In a post-pandemic economy with employees outside the firewall, agencies must embrace the idea that identity is the new perimeter.
Recently, Cybersecurity and Infrastructure Security Agency information security specialist Jay Gazlay said the SolarWinds breach made it clear that “identity is everything now.” Tighter identity controls, including behavior analysis techniques, can flag impossible logins, Gazlay told the National Institute of Standards and Technology’s Information Security and Privacy Advisory Board. “If we don’t get set up to do that, we’re not going to notice these user impersonation attacks that become de rigueur for our adversaries.”
In 2004, the U.S. invested billions in the Einstein intrusion detection system to protect government resources on the internet. Over the years and despite enhancements, Einstein 3.0 failed to detect the SolarWinds cyberattack on the Departments of Treasury, State, Defense, Homeland Security and Commerce, the Postal Service and the National Institutes of Health.
With so many security tools available, why are we allowing breaches of this scope and magnitude to continue? To me, the answer is simple: We lack of the technology knowledge and refined processes needed to spot a breach.
The first lesson we already knew: We can’t see the forest for the trees
So much money and resources are spent on stopping the hack by chasing indicators of compromise to stop an intrusion. Often IOCs aren’t reused, and they can distract analysts looking for a malicious intruder or suspicious behavior.
As a result, cybersecurity analysts cannot see the forest for the trees. They need a timeline of what is happening and a complete picture to understand an attacker’s intent, rather than focusing on alerts strung together from a host of security tools after the event has occurred.
There is no silver bullet for this problem because users, machines and data all must be protected. Before buying the latest security tool that might help in the short term, agencies should instead shift their priorities to securing enterprise processes.
Using a more credential-centric and identity management-focused approach can identify attackers in the network quickly and enable extraction -- a defensive play that can reduce exposure and improve processes.
The second lesson we already knew: We must evolve or die
We must help agencies evolve with the changing threat landscape and create greater operational efficiency. Cybersecurity vendors have introduced functionality to automate parts of security operations, but the role needs expansion.
Most automation solutions focus on threat response before initiating an automation playbook. Hoping security analysts make the correct query at the right time will never work because it requires they synthesize massive volumes of data and ignore the noise to determine an attacker’s intent. It is like looking for one needle in a stack of many needles.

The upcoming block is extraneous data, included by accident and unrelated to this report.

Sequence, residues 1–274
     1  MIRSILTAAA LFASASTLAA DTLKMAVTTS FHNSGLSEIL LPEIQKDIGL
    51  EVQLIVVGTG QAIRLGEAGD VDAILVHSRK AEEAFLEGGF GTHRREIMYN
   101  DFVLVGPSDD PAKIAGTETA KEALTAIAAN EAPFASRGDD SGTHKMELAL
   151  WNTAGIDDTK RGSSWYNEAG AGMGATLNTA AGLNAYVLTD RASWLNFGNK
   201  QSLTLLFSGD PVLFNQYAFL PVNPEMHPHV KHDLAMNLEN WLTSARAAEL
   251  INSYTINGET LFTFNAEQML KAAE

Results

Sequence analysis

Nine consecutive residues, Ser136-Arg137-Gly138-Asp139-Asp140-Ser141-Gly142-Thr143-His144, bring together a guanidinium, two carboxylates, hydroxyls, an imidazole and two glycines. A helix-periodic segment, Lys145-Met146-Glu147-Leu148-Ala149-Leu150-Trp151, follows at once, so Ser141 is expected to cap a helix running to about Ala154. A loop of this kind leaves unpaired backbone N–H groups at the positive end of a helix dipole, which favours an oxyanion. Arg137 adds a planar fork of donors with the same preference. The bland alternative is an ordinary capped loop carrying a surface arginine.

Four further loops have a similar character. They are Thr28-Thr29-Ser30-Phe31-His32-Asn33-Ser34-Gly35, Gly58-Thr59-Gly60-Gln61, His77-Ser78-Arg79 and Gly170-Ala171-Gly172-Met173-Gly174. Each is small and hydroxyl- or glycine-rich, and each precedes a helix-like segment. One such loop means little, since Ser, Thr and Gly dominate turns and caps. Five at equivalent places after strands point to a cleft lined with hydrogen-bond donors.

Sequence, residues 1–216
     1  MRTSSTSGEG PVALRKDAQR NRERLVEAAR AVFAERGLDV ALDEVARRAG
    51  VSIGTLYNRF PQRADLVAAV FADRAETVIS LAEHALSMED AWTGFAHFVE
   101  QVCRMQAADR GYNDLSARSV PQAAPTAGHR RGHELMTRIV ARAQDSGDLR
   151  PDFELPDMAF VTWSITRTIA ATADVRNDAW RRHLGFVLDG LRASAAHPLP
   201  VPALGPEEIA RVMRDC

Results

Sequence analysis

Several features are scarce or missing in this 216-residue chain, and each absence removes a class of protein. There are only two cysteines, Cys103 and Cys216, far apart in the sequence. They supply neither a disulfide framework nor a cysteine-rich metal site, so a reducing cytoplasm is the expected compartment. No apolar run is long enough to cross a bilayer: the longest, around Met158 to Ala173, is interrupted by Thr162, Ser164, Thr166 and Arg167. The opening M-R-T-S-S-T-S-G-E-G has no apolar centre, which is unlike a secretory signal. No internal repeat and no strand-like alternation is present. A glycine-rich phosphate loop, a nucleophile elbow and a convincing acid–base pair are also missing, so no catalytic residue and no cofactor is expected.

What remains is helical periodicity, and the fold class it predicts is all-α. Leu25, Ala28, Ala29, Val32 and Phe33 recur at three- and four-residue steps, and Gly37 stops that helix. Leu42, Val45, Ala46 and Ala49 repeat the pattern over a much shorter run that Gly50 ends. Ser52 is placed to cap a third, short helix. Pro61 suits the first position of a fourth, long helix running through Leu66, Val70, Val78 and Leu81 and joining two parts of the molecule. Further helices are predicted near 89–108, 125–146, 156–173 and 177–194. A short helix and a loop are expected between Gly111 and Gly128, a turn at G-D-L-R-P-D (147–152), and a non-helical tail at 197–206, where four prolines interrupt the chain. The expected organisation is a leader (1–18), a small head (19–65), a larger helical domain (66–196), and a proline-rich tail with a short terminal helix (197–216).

Criminals have become so sophisticated and computer networks so vast that traditional detection is simply inadequate. To understand intent, agencies must understand normal network, device and user behavior which is no easy endeavor, especially at scale.
User and entity behavior analytics security solutions use machine learning and deep learning to discover abnormal and risky behavior by users, machines and other entities. Using behavior to track normal and anomalous actions offers a process improvement, as does automatic contextual enrichments.
The third lesson we already knew: All attacks are insider threats
Here’s the reality: Most insider threats don’t come from a disgruntled former or current employee, they are instead cyberattacks using compromised employees credentials.
When stolen valid credentials are used to enter a network, hackers use Active Directory to create new ones, making visibility critical to understanding how credentials are created, dumped and stolen.
For example, agencies believe that security methods like encryption, VPN usage and two-factor authentication offer sound protection. A breach may lead them to believe a threat is isolated to a single machine not understanding the attacker created valid credentials and used the VPN to get inside, blend with other traffic and behaviors and move deep inside the network.
In a post-pandemic economy with employees outside the firewall, agencies must embrace the idea that identity is the new perimeter. Visibility into the credential usage at the Department of Treasury would not have stopped the SolarWinds attack, but it would have identified and contained it rapidly.
The fourth lesson we already knew: A strong offense is still the best defense
Ice hockey legend Wayne Gretzky said, “A good hockey player plays where the puck is. A great hockey player plays where the puck is going to be.” Do agency cybersecurity investigators have an investigation playbook, like the MITRE framework that focuses on the behavior of the attackers and the things they do? Anticipation is offensive play.
Building a strong offense against breaches is the best defense. It starts with the four pillars of the security operation center: detection, triage, investigation and response. Unfortunately, the focus is often only on detection and response, with the middle pieces forgotten.
Teams can bounce between systems, not getting anywhere. Instead, a process driven by outcomes can discern the meaning in the context of alerts, so threats can be removed before damage is done. Today, too many less important alerts lacking context come from too many solutions.
The attack on SolarWinds won’t be the last of its kind, and cybersecurity must change. Otherwise, Gazlay’s observations will become a self-fulfilling prophecy, and we will be stuck attempting to thwart new attack methods with old weapons.